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  • 0 posts edited
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  • 26 votes cast
Sep
1
awarded  Custodian
Aug
18
answered How can a chromosome translocation in somatic cells lead to disease?
Jul
28
answered Bernoulli’s Principle in the Cardiovascular System
Jul
28
answered How to validate the use of an anti-virus monoclonal antibody in IHC by spiking a fresh organ with infected cultured cells?
Jul
20
comment What specific mutations can cause an apoptosis mechanism to malfunction?
Yes, it's just not a magic bullet. There's been lots of research on this-- try reading the review I linked above. Also, try looking into the concept of "immune checkpoint inhibitors" that shut down genes like CTLA4 and PD1. Those are showing some promise in certain settings.
Jul
16
comment What specific mutations can cause an apoptosis mechanism to malfunction?
That's part of it. They also downregulate their MHC complexes and secrete their own inhibitory cytokines. It's a big and complicated problem that's had a lot of research done on it. Here's a review: ncbi.nlm.nih.gov/pmc/articles/PMC1857231
Jul
16
comment What specific mutations can cause an apoptosis mechanism to malfunction?
Tumor immunosurveillance is a whole new topic worth its own question, but there are two basic reasons: (1) Mutated KRAS is not immunologically very different from wild-type KRAS-- it just doesn't change the overall surface shape of the protein that much, and (2) even when the immune system does recognize mutated cell products, the tumor cells react by upregulating anti-inflammatory pathways, such as recruiting regulatory T cells.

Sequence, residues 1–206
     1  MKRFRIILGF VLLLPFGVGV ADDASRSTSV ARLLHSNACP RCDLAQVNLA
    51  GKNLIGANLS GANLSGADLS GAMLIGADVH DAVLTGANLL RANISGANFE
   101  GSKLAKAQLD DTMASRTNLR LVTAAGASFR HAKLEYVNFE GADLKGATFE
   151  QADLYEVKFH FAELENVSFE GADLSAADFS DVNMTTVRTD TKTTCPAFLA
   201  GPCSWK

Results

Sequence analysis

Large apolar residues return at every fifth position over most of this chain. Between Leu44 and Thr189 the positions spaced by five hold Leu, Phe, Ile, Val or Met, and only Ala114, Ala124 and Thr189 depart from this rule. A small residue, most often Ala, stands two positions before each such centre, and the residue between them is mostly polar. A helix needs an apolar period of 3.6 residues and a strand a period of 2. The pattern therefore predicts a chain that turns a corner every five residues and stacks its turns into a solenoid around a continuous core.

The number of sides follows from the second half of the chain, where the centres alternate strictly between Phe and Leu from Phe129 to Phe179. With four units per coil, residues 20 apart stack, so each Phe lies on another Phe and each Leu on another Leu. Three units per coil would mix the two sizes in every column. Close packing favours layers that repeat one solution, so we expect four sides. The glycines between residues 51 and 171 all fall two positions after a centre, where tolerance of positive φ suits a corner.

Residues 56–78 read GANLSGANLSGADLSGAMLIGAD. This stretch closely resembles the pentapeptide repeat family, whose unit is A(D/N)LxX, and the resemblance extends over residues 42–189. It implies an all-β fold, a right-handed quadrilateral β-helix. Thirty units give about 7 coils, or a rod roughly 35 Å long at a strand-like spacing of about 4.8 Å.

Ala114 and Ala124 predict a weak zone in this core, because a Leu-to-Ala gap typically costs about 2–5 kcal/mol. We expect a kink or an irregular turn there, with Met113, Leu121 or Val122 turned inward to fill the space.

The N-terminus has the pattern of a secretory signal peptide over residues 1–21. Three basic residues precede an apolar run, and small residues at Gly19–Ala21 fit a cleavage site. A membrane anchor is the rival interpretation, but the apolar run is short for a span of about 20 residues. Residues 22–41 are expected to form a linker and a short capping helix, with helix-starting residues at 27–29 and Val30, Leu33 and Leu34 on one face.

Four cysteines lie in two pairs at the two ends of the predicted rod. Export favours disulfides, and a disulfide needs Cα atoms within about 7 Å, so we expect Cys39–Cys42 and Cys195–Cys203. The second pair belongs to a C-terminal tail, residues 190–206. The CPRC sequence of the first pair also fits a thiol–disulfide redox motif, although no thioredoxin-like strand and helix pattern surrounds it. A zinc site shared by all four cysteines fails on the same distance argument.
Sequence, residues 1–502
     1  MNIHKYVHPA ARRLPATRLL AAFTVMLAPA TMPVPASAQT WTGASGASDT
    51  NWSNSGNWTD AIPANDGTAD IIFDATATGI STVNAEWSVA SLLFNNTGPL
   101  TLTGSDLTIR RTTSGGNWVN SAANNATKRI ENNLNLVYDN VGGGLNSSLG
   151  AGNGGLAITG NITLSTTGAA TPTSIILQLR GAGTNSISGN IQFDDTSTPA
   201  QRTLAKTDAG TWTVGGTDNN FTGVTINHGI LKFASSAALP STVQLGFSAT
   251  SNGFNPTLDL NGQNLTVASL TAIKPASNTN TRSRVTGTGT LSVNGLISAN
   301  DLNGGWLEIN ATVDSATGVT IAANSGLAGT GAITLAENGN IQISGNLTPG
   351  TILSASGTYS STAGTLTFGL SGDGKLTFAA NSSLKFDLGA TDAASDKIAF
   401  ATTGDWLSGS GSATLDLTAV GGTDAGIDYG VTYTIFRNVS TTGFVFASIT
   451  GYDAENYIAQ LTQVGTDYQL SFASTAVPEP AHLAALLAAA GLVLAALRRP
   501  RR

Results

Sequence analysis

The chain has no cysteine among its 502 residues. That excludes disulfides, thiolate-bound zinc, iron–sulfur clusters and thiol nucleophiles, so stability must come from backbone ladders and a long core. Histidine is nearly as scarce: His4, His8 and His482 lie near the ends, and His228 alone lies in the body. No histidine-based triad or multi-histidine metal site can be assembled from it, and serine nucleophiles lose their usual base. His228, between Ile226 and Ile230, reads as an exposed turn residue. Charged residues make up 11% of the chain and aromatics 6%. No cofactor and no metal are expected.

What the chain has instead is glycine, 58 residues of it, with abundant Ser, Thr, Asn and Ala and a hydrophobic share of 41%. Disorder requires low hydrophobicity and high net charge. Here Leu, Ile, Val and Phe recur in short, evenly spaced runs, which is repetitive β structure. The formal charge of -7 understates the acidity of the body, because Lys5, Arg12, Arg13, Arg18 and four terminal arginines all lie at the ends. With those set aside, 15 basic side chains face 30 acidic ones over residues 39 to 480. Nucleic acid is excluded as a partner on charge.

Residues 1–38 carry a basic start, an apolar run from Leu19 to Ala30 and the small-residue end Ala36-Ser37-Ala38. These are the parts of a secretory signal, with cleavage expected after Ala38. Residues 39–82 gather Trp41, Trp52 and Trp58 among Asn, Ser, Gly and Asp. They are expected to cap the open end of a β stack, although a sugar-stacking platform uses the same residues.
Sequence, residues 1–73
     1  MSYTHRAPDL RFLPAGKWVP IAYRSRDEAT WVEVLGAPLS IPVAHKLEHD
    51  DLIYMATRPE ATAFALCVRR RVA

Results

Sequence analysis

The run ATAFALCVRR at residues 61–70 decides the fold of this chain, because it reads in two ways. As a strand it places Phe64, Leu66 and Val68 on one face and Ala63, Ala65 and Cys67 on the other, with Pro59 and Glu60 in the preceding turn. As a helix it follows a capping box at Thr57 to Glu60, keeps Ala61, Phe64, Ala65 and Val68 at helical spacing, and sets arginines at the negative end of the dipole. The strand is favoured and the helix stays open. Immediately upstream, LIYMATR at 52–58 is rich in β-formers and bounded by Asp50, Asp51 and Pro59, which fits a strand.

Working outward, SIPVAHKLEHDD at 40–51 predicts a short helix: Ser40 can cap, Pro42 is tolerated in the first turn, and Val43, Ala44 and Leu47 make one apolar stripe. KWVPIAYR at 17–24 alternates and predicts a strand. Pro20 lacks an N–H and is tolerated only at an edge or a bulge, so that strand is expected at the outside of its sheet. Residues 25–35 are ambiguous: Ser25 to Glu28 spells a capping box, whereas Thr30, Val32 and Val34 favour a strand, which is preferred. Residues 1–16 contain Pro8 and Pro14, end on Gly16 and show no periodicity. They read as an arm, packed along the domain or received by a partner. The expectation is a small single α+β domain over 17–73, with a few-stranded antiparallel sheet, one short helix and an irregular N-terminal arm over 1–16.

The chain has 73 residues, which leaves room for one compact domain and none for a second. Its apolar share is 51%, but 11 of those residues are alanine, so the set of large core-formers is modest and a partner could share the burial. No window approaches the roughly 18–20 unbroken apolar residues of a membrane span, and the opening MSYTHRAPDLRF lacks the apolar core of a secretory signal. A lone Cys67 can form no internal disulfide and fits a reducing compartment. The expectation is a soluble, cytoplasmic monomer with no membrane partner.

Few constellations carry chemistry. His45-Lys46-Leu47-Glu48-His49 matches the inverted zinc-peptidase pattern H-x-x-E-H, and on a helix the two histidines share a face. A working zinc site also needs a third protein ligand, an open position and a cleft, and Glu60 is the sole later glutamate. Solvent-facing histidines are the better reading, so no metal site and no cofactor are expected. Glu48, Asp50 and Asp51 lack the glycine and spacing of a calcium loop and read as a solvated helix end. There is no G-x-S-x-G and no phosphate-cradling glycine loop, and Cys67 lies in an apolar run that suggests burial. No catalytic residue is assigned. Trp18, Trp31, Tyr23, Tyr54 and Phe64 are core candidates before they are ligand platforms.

Jul
15
answered What specific mutations can cause an apoptosis mechanism to malfunction?
Jul
10
awarded  Nice Answer
Jun
29
awarded  Commentator
Jun
29
comment Deciding a reasonable threshold for copy number variation in a CNV (SNP array) TCGA dataset
Hmm, okay, I think I see. No, you don't want to compare the intensity of the tumor at any one position against the 5-95% distribution of the normal across the whole array. You want to compare the intensity of the tumor at one position against the normal at that position. This will normalize for sequence-specific binding differences.
Jun
26
awarded  Informed
Jun
26
answered Deciding a reasonable threshold for copy number variation in a CNV (SNP array) TCGA dataset
Jun
22
awarded  Editor
Jun
22
revised What does it mean to “map the human genome”
added 47 characters in body
Jun
22
comment What does it mean to “map the human genome”
Good point, I'll edit. I was thinking of the Celera DNA, which I thought was Venter's, but it turns out that they were using a pool, too. (Venter was just in the pool.)
Jun
22
awarded  Yearling
Jun
22
answered What does it mean to “map the human genome”
May
13
comment Downstream analysis after in vivo pathogen RNAseq
Right. The main thing is that you want your groups in an RNA-Seq experiment to focus as cleanly as possible on the difference you want to investigate. If you're interested in antibiotic resistance, use a resistant and a non-resistant strain. If you're interested in immune evasion, use samples in the presence and absence of an immune response. You expect many differences between cultured and in vivo samples-- you've already mentioned metabolism, antibiotic resistance, and immune evasion, and I'm sure there are lots more. So it's hard to relate any given gene expression change to a phenotype.
May
12
comment Downstream analysis after in vivo pathogen RNAseq
The reason I say it's not the clearest model, especially for antibiotic design, is that you're investigating the difference between bacteria in the host and bacteria on the plate. An antibiotic in particular probably isn't going to care about that-- it should kill in both situations, right? And for a vaccine, there are so many differences between culture and in vivo that I'm not sure that you can attribute differences you see to immune evasion. Are there immune-compromised pig models? In vivo samples from those would be a much cleaner control for immune evasion.